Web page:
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Planned Parenthood continues its service with help from Twisted Storytellers (Examiner)

Published October 26, 2012 on Examiner.com.

By Wendy Clem, Detroit City Buzz Examiner.

 

Published: 10.26.12| Updated: 10.27.12

With a primary foray into oral communications during our collective youth, the importance of storytelling never really leaves us. Over the years, we veer through shared adventures, gossip and community building, and life lessons — today most frequently engaging in the more staccato-like social media speak.

Storytelling, it seems, is a life art that transforms well into our adult years and comes to stay.

The recent Planned Parenthood Mid and South Michigan (PPMSM) fundraiser, held at Detroit’s Magic Stick venue, spotlighted this important method of human sharing. In An Evening of Stories From Life’s Surprises, The Secret Society of Twisted Storytellers (TSSOTS) provided five riveting performances.

The Detroit event was set to candlelight, with the evening musically punctuated by Cello-Bella!, a melodic pairing of Alison Donahue on cello and clear, lead vocals backed by Mike Wilhelm on electric guitar and well-matched vocal harmony.

The five storytellers who each opened a vein touched the lives and hearts of all present. The 10-minute presentations were an exercise in angst, humor, sharing and the human experience, some of which encompassed issues encountered at Planned Parenthood, like post-partum depression. Life stories of surviving home foreclosure, drug addiction and rehabilitation, failed relationships and questionable parenting, catastrophic illness, and triumph over fear and failure dominated. The life-affirming sharing created enthusiastic appreciation that fed the performers as well as the engaged audience.

The cathartic evening began with one woman’s dream.

“I founded TSSOTS because, as a theatre buff, I knew there was a place for it,” said Satori Shakoor, a Detroit resident, formerly known as Jeanette McGruder. “Stories really help us to connect with each other and create a sense of community; human journeys connect us.”

She found it necessary to create the group, says Shakoor, after writing a tongue-in-cheek tale centered on the memoir of The Virgin Mary at the rebellious age of 13. Shakoor realized her humorous treatise required a “special” type of listener, one who could be enriched by the vision rather than merely judge its edginess.

Shakoor’s long list of accomplishments is impressive by any measure: professional violinist at age 15; singer for The Funkadelics/The Parliaments/Brides of Funkenstein; award-winning actress and published playwright; international theatre founder and much more. She is a regular contributor at The Moth Radio Hour on NPR and hosts Ann Arbor’s monthly Moth Story Slam.

Her fellow masters of their craft made the oft-battered Planned Parenthood the true star of the night as benefactor of the successful event.

When Shakoor approached Planned Parenthood’s Director of Community and Media relations Desiree Cooper, their idea was to combine homegrown talent with help for a beleaguered organization that has particularly received hits during the 2012 national presidential election. With women’s reproductive rights and general health and wellbeing a common political refrain this year, Planned Parenthood has been on the front lines for kneejerk reactions to cut funding by many who aren’t fully aware of the services it offers.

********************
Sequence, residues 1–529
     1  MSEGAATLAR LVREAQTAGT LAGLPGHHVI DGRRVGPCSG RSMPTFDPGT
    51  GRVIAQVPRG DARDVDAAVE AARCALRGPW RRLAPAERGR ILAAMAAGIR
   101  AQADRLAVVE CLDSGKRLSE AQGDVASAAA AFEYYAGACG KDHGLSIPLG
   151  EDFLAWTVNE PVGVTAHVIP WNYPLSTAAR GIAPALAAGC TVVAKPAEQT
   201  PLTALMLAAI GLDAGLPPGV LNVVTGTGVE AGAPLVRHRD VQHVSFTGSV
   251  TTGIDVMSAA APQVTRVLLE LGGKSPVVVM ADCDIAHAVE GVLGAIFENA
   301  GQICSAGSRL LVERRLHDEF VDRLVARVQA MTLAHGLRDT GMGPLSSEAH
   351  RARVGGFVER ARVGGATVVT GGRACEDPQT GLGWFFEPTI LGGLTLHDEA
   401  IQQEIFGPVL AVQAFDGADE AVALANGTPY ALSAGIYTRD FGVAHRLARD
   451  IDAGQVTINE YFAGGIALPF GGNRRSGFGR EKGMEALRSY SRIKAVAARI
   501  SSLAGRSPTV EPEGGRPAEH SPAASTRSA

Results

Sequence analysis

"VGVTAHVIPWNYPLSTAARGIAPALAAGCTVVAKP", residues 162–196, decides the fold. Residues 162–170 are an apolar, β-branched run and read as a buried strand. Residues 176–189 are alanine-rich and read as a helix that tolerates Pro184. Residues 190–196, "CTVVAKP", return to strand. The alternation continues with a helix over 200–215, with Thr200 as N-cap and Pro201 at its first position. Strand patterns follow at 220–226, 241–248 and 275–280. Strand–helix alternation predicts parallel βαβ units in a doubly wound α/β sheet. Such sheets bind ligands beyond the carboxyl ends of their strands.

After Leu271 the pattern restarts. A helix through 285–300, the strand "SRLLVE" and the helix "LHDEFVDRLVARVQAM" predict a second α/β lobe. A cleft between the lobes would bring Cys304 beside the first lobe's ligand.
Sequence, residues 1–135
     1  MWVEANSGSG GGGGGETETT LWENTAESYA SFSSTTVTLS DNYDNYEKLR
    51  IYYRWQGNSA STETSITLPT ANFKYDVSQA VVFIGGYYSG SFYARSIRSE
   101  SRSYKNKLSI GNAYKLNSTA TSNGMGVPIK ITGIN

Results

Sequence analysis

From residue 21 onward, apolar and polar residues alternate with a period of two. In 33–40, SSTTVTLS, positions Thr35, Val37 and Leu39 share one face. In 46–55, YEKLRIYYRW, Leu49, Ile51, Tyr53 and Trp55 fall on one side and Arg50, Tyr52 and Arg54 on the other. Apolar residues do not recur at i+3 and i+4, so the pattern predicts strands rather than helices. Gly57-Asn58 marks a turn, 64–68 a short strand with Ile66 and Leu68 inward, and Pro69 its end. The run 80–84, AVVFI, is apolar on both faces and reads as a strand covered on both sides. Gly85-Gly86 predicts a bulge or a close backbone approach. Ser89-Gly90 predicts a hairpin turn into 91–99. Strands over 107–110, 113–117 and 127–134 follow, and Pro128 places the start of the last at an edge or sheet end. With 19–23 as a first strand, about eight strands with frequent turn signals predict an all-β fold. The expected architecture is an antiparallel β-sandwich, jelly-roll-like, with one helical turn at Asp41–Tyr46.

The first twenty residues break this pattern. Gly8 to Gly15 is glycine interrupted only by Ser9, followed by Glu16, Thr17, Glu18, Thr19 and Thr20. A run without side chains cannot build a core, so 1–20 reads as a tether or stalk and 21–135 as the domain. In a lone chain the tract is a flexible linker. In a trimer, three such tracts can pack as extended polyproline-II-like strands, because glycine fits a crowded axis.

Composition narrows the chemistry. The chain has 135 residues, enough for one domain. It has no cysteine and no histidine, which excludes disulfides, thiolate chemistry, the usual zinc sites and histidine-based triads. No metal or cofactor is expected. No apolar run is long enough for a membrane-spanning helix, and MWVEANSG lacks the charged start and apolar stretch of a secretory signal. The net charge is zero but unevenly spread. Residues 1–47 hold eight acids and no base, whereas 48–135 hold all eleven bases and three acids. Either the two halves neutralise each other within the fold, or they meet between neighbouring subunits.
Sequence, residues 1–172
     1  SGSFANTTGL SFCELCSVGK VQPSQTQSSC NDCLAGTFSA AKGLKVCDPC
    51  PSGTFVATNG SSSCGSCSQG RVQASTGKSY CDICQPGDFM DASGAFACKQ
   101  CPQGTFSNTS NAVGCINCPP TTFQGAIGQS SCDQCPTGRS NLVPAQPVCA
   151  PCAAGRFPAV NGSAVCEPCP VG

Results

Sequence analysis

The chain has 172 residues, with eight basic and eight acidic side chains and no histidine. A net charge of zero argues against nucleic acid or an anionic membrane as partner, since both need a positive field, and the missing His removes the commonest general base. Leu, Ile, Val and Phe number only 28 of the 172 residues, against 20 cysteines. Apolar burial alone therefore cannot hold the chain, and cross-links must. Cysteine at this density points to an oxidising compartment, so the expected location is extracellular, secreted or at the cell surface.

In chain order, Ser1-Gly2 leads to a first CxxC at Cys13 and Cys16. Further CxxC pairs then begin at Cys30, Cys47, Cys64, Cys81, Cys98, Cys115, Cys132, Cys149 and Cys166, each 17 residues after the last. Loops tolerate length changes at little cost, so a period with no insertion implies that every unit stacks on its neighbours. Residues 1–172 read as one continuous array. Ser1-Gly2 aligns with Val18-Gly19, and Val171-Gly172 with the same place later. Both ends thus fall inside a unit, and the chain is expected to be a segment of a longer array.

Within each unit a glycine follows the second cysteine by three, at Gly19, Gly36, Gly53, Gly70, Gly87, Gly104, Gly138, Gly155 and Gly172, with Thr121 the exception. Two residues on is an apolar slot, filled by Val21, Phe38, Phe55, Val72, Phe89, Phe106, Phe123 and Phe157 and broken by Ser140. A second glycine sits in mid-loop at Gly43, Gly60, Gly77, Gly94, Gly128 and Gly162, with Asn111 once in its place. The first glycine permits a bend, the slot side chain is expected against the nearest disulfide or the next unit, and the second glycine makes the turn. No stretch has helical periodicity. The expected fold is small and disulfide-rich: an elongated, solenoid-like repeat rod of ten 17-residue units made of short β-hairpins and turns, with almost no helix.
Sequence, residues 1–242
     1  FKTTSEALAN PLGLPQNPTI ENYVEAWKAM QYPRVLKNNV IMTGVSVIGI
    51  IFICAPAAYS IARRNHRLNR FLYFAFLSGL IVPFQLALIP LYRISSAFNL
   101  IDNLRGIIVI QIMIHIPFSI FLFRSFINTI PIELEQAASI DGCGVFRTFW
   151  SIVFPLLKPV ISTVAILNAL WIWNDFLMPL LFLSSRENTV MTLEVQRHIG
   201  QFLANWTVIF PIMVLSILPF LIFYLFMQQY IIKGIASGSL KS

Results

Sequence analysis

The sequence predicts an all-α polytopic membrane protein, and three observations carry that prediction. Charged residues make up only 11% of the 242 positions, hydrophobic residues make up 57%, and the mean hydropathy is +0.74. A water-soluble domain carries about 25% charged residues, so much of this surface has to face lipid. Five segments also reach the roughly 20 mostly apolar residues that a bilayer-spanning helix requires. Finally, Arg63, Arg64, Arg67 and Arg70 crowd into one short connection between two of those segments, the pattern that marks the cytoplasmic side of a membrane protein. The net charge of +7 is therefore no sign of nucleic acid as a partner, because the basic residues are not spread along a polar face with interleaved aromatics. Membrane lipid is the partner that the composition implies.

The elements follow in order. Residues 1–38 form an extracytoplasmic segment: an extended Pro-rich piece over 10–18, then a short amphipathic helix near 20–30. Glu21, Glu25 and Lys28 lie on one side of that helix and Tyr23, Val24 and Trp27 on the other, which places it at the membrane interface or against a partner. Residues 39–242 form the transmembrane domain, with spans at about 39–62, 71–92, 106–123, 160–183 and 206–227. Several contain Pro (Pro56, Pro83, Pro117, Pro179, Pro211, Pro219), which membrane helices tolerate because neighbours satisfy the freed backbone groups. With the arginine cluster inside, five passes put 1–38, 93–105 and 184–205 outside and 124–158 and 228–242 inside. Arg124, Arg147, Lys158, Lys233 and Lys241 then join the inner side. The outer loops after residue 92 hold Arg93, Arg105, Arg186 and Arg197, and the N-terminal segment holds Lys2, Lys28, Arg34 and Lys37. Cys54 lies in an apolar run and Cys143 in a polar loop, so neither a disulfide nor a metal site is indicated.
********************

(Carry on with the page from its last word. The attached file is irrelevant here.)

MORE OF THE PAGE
For almost 100 years, Planned Parenthood has worked to be a trusted healthcare provider and educator as well as advocate of the individual’s right to make informed, independent decisions about sex, health and family planning. This effort is expended to women, men and teens, and one in five American women will seek out Planned Parenthood during her life for professional, confidential and nonjudgmental health care.

Ninety-seven percent of what PPMSM provides is essential preventive care, from annual exams, cancer screenings, breast health, birth control and testing/treatment/counseling for STDs and HIV/AIDS to treatment options for women with abnormal Pap tests.

“Our Planned Parenthood serves 17 centers in 31 counties across Michigan, assisting 83 percent of the state’s population — and 5,000 people just through the Detroit location,” said Cooper, a resident of West Bloomfield. ”Last year, our Mid- and South-Michigan centers served nearly 70,000 Michigan women, men and teens from Detroit to Benton Harbor.”

Help for patients is given regardless of insurance access. In fact, says Cooper, although Planned Parenthood is known to help the uninsured and others via a sliding-scale fee method, growing numbers of insured people also seek the services. Most patients are under the age of 45, although 70 percent are between 20 and 34.

Vendors at An Evening of Stories From Life’s Surprises included the sparkling shirts of detroit snob, author Anita T. Gibbs and her Superdaddies children’s books, and the cuff-bracelet fashion originals of Heavenly Honies.

For more information about Planned Parenthood in Mid and South Michigan, go to www.plannedparenthood.org/midsouthmi or call (734) 926.4800 or (800) 230.PLAN. The group can be found on Facebook at PlannedParenthoodMidSouthMi and Twitter @ppmsm.

Donations are also welcome online at www.MichiganChoice.org.

To learn more about the Twisted Storytellers, go to http://www.thesecretsocietyoftwistedstorytellers.com/ and Facebook at https://www.facebook.com/TheSecretSocietyOfTwistedStorytellers.

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